How does LiDAR see through trees?

Understanding How LiDAR Sees Through Trees

Introduction to LiDAR

LiDAR, which stands for Light Detection and Ranging, is a remote sensing method that uses light in the form of a pulsed laser to measure variable distances to the Earth. This technology generates precise, three-dimensional information about the shape of the Earth and its surface characteristics.

Principle of Operation

LiDAR operates by emitting laser pulses towards the ground. As these pulses hit the surface, some of them penetrate through gaps in vegetation, reaching the ground beneath. The LiDAR system then measures the time it takes for each pulse to bounce back to the sensor. This time, known as the 'time of flight,' is used to calculate the distance each pulse has traveled.

How LiDAR Sees Through Trees

  • Multiple Returns: LiDAR systems are capable of recording multiple returns. As a laser pulse hits a tree, it may not be completely absorbed or reflected. Instead, parts of the pulse can continue to travel downwards, eventually reaching the ground. The sensor then records multiple reflections from different heights, including the top of the tree, branches, and the ground.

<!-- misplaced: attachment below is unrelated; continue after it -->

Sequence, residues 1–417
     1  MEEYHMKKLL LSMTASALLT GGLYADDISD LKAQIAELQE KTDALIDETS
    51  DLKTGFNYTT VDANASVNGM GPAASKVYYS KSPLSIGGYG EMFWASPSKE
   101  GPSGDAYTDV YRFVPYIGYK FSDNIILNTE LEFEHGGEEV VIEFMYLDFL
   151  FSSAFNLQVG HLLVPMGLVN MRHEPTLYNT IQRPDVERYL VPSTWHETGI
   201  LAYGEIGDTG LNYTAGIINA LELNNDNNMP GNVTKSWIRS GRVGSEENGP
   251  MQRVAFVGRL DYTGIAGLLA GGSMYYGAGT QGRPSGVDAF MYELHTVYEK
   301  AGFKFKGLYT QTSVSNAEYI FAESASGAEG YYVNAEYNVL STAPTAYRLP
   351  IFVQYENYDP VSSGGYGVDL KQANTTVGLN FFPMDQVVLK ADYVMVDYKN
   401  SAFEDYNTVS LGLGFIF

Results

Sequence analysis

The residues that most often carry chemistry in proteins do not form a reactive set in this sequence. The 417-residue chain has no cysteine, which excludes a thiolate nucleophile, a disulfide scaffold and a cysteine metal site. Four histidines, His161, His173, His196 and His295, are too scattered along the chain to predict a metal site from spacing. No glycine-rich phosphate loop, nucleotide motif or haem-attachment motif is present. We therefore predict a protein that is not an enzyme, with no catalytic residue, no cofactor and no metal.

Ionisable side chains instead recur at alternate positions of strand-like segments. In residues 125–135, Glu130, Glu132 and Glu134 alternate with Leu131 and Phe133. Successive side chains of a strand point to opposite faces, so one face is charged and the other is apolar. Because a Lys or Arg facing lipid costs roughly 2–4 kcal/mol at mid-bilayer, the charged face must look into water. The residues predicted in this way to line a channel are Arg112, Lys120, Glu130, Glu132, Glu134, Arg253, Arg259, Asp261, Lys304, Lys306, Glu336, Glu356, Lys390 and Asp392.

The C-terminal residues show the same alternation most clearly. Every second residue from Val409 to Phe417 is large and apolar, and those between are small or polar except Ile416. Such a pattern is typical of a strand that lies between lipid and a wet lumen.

• High Pulse Rate: Modern LiDAR systems emit thousands of pulses per second. This high pulse rate increases the likelihood of some pulses finding their way through dense foliage to the ground.
  • Point Cloud Density: The density of the point cloud, which is a collection of data points generated by the LiDAR, plays a crucial role. A higher density means more data points and a greater chance of capturing the ground surface beneath vegetation.


Seeing through trees is particularly useful in applications such as:

  • Forestry management and planning
  • Topographic mapping in forested areas
  • Archaeology, for discovering hidden structures beneath forest canopies
  • Urban and rural planning


LiDAR's ability to see through trees is a result of its use of multiple returns, high pulse rates, and dense point clouds. This capability makes it an invaluable tool in various fields, providing detailed and accurate 3D representations of the Earth's surface, even in densely vegetated areas.

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